Last weekend I was sat on thirty hours worth of buses over a period of two days so that I could get from Peru to Ecuador – and in the week prior to that, I spent approximately another fifteen hours on buses and crammed in vans. I used the time wisely and wrote up my next three blog entries.
I edited and formatted; I added images and I checked my spellings. And then somehow, my phone decided that because I had moved to a different country it should request sign-ons for all my email accounts and folders – and in the process, it wiped the memory.
So my meticulously written report on working for the NGO, my write up about Carnival and the document which detailed my adventure around the Andes have all gone.
I initially got mad, I was raging about and then after about three minutes I looked up from my netbook. I was sat in a beautiful garden fronting onto the Pacific Ocean and the soft creamy sand was being pounded by thunderous waves. The sea beyond the foam was sparkling in the sun and pelicans scooted around on the water, whilst black angular frigate birds circled alarmingly overhead. Why was I allowing myself to get angry? It was my own fault for not backing up my work. So, I hate rewriting work – life is too short. I may or may not now tell you about the soldiers who boarded our bus and the paint throwing at the Carnival, and I may leave out some of the smaller details. I am sat by the Pacific Ocean in Ecuador.
This is the shortened reworked version of my time with SKIP
I came out to Peru in November and I began working as an English teacher with SKIP. Supporting Kids in Peru is a grass-roots organisation which works on the margins of the city of Trujillo. I have written about the district of El Porvenir before so I won’t repeat myself but I never cease to be amazed by the resilience and the enthusiasm of the majority of the children who are a part of this tough community. The police refuse to go into the area at night and gunshots are not uncommon. The vast majority of the children are squeaky clean and they take great pride in their school work, have impeccable manners and are delightful.
I was lucky enough to try my hand at several things. I taught English to both primary and secondary level children, I worked as a teaching assistant for the Group One ‘babies’, I helped out at the swimming pools for both primary and secondary, I sort of helped at the sewing workshop for the mums (this was limited because of my lack of Spanish) and I went along to the beach for our treat for the secondary aged children.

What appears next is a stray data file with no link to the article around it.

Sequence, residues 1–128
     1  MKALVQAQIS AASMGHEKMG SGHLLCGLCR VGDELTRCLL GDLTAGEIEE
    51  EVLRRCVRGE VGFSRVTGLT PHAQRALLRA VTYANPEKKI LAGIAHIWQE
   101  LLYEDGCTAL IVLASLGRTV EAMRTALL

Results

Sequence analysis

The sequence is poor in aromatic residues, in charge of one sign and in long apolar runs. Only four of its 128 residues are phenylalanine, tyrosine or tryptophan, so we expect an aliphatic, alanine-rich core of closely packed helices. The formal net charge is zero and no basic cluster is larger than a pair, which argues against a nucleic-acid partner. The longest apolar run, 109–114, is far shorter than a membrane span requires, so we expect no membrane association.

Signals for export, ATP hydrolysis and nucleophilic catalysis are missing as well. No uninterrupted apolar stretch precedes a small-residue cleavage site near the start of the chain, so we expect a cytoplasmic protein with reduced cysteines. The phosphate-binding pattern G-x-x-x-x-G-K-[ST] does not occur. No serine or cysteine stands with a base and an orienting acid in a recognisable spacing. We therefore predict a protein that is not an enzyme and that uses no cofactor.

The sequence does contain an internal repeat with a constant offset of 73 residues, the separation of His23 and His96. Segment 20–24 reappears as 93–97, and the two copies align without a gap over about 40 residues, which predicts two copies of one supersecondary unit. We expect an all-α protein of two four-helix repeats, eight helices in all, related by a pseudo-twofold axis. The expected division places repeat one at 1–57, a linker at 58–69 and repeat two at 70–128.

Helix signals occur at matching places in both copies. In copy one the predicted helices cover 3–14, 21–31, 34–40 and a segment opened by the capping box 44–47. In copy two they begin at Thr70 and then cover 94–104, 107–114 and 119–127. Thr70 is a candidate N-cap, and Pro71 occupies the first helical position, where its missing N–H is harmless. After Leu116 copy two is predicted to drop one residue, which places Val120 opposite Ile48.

I took time away at Christmas to explore much of Peru and Bolivia, took weekends away to visit more local sights and I have met the most fantastic people.
Volunteers come from all over the world and I have worked alongside people from Australia, the UK, Spain, Argentina, Denmark, Italy, Switzerland, France, Belgium, Canada and the United States as well as Peru itself. I KNOW that some of them are friendships made for life and I also know, without a shadow of a doubt that I will bump in to some of them again, somewhere in the world, (unless of course they change their address and not tell me). I have never been a bridesmaid but I even have high hopes of being a matron-of-honour one day!
My working day varied, but when I was teaching at SKIP it usually began with a twenty minute walk to the volunteer house through the parks and backstreets of the city, where the volunteers would gather on the pavement and begin the daily performance of persuading cab drivers to take us to the SKIP building in El Porvenir. Hailing cabs with the taxi waggle (hold your arm out at right angles to your body, slightly above the horizontal, palm down and limply flap from the wrists) – then when about three or four cabs are lined up, these are negotiated with for the cheapest journey. Cram aboard as many bodies as can be tolerated and drive the fifteen minutes or so up to the area where our work is based. Once we pass the market with its stinky smells and the rubbish dump where piles of crap burn with toxic smoke by the side of the road, the sand takes over. The graveyard is a vast, desolate, sad sandy pit and pavements are no longer a feature. Houses are smaller and more basic, roads are sand or a mass of rubble and people have planted crops of maize or potatoes in the patches of sand between their front doors and the roadway.